Technology can help a musician create impeccable music on a computer, but how does one translate that music to a live performance before a critical audience? Black Marble, essentially a solo project of former Brooklynite Chris Stewart, is learning the hard way. Black Marble released a fourth album, Fast Idol, on October 22, and the question was if or how the music could come alive in the live context.
Stewart began his Black Marble project in the early 2010s when he composed some songs on his laptop. He played the songs for his friends in Brooklyn and they responded that they liked his songwriting, but thought the instrumentation warranted improvement. Advancing his project, Stewart found his inspiration from cold wave dance music he heard at a Brooklyn club. Stewart acquired two vintage analog synthesizers, found a collaborator, and started accommodating his lyrics to this electronic genre.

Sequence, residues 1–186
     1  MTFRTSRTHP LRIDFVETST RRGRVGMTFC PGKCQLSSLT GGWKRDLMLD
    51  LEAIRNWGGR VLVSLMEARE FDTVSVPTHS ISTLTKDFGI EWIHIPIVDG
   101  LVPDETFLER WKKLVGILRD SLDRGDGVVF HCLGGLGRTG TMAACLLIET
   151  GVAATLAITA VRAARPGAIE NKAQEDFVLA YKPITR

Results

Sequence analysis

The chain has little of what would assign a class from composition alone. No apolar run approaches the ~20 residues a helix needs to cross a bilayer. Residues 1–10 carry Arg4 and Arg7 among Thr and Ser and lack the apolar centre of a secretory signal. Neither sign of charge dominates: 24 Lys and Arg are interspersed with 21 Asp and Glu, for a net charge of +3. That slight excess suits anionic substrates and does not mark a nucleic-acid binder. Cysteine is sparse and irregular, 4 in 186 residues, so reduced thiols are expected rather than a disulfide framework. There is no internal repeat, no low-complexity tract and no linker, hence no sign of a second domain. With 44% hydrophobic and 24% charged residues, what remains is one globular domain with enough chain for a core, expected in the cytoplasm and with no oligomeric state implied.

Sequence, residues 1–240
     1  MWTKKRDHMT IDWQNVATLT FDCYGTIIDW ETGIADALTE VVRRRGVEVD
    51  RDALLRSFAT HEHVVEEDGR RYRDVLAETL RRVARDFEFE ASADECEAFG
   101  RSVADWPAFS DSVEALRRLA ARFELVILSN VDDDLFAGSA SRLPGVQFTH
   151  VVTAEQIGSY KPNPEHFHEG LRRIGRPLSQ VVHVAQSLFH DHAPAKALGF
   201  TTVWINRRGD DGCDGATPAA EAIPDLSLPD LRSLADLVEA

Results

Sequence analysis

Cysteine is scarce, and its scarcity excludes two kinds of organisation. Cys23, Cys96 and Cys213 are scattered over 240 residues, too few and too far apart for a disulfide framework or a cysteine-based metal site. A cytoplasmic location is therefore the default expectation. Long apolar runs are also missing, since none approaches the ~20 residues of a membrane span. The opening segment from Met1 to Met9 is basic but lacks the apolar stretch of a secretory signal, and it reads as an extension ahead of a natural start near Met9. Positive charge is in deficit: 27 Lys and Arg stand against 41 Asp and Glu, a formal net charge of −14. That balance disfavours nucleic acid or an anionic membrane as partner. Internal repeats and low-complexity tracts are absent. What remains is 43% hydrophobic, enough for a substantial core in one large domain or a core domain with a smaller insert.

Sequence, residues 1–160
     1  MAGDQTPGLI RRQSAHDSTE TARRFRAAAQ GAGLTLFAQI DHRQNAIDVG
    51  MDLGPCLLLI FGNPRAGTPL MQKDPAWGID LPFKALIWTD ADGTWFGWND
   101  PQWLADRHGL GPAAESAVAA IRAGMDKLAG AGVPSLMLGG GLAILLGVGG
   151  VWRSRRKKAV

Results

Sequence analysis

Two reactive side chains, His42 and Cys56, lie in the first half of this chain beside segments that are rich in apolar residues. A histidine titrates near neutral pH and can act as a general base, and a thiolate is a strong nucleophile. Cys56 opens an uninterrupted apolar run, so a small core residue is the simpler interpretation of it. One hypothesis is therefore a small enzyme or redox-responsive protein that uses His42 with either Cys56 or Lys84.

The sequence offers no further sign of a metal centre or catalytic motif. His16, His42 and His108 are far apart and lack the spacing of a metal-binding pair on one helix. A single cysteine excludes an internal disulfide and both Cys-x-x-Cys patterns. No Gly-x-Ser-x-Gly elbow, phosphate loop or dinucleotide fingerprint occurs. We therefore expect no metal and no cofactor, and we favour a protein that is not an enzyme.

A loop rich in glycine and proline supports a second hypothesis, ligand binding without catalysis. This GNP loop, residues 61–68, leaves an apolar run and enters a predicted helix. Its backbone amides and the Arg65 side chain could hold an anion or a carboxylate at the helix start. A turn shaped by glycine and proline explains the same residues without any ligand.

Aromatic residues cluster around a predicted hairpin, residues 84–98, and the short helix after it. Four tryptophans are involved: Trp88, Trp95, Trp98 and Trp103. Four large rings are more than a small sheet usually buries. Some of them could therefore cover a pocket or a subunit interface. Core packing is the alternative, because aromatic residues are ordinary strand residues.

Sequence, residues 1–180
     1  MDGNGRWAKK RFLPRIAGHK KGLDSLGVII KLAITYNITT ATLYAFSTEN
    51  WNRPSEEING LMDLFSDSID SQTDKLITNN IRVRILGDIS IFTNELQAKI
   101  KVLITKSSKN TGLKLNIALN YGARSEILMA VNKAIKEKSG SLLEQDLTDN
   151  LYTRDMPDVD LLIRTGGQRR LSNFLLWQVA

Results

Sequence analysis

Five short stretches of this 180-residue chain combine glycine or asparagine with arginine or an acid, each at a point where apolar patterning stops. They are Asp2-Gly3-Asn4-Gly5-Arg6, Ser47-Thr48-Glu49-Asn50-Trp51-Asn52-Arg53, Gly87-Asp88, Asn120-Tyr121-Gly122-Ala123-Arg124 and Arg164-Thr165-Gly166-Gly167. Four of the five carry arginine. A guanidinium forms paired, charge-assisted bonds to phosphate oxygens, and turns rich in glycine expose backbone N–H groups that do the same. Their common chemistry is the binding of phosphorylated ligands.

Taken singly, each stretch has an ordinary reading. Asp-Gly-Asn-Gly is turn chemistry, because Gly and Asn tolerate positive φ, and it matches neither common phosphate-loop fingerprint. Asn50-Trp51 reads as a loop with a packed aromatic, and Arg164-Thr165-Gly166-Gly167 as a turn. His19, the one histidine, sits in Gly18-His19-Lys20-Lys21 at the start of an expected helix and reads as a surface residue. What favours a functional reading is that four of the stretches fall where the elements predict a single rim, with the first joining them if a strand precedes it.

At the Music Hall of Williamsburg, Stewart sang and played guitar, with musicians playing bass and keyboards. Electronic programs filled the sound, both with waves of synthesizer flourishes and percussion. Stewart sang in a near-monotone baritone, distorted slightly with reverb, his melancholic vocal melodies riding simple electronic chord changes. Stewart’s icy vocals matched the frosty throbbing of his musical accompaniment. Intentionally, the stark and bleak-sounding music was devoid of transferable passion.
On stage, Stewart and his musicians were largely grounded to their positions, hardly moving. Stewart often sang with his eyes closed and he looked at his guitar far more than he looked at his audience. He seldom engaged his audience with insightful anecdotes or personable dialogue. His two supporting musicians played in near darkness, and depending on what was projected onto the screen behind him, Stewart was often in the dark as well. A disconnect was evident at the edge of the stage.
In all, Black Marble’s music was intriguing, but the performance appeared more like navel-gazing than shoe-gazing. Yes, watching this music as it was created live felt more exciting than listening to the recordings, but not by much. To take the music to the next level, Stewart must master the ability of moving beyond the original compositions and their instrumentation to a more audience-enveloping format. This will require a more connective approach than simply hiring a light show.